Only one of the following programs will apply to you, so feel free to skip ahead to the one that does.
1. Western Undergraduate Exchange (WUE)
States covered: Alaska, Arizona, California, Colorado, Hawaii, Idaho, Montana, Nevada, New Mexico, North Dakota, Oregon, South Dakota, Utah, Washington, Wyoming, and the Commonwealth of the Northern Mariana Islands
The Western Interstate Commission for Higher Education helps 40,500 undergraduate, graduate, and professional students secure discounted tuition each year.
Through the Western Undergraduate Exchange (WUE) program, students looking to attend two- or four-year public schools can save money on tuition. You can use the WUE’s search engine to find schools and their admission requirements. There’s also a complete list of participating schools.
Last year, the WUE program saved 34,000 students about $265 million. You could score a reduced tuition of 150 percent of a school’s in-state rate. Here’s an example of your potential savings:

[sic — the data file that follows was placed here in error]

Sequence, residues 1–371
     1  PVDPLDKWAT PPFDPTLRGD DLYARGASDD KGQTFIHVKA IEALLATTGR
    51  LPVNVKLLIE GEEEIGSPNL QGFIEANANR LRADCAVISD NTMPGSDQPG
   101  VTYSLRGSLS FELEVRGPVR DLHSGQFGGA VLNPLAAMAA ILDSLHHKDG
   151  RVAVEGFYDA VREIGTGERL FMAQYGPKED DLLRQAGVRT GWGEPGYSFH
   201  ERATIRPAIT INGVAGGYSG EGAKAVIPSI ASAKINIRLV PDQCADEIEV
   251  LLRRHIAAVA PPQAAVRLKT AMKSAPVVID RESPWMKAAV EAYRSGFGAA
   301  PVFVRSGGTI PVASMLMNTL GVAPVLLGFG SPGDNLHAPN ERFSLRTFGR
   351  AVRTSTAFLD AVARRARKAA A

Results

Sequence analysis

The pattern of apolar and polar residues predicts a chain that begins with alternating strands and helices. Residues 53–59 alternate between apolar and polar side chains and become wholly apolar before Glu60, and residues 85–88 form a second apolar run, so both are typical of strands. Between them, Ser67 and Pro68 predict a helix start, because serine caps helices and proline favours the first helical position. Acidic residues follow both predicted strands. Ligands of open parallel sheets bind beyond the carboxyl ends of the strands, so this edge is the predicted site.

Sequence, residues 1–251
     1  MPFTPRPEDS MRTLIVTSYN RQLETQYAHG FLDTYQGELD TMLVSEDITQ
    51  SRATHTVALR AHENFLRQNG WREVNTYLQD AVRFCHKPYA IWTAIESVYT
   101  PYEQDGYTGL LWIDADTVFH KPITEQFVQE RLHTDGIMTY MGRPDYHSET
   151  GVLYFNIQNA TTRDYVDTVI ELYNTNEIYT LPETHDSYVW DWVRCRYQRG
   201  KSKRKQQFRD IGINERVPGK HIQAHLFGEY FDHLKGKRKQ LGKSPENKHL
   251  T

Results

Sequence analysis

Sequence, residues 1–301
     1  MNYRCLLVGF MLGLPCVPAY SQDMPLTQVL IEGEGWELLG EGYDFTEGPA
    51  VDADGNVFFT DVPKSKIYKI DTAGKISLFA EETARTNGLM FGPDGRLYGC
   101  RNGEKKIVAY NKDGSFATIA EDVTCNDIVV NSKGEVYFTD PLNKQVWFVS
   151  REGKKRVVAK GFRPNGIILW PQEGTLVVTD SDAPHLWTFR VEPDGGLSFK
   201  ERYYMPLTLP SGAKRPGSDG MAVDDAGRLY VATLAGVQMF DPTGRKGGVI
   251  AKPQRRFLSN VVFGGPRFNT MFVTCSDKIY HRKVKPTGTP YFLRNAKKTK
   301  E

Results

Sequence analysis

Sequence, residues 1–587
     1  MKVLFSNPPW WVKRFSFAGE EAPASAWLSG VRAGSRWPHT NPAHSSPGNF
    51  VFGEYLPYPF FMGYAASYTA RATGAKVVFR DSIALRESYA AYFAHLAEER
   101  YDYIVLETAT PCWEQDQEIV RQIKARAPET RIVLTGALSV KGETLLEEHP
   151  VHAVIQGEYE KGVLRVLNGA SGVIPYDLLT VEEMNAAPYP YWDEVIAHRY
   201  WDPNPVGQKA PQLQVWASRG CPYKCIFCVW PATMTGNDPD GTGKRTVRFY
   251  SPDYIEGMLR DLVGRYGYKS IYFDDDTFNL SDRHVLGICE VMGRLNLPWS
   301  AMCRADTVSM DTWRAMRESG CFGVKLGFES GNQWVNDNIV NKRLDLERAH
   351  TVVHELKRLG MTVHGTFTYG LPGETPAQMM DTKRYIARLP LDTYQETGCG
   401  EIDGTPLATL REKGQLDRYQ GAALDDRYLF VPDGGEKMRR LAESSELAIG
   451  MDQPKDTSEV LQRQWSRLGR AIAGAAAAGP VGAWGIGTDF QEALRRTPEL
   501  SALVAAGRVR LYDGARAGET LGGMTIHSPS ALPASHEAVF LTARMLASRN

|WUE-reduced out-of-state tuition||$15,000 (150 percent $10,000)|
2. Midwest Student Exchange Program (MSEP)
States covered: Illinois, Indiana, Kansas, Michigan, Minnesota, Missouri, Nebraska, North Dakota, Ohio, and Wisconsin (Iowa and South Dakota do not currently participate.)
As part of the Midwestern Higher Education Compact, the Midwest Student Exchange Program (MSEP) website makes it simple for you to find participating colleges. Enter your home state, the degree type you’re seeking, and the type of university you’d like to attend — and, voila, you’ll see a list of possible landing spots.
Another benefit of your region’s program: the ability to apply for discounted tuition rates at private schools as well as public.
The MSEP site also provides you estimates of how much you could save by leveraging the regional program.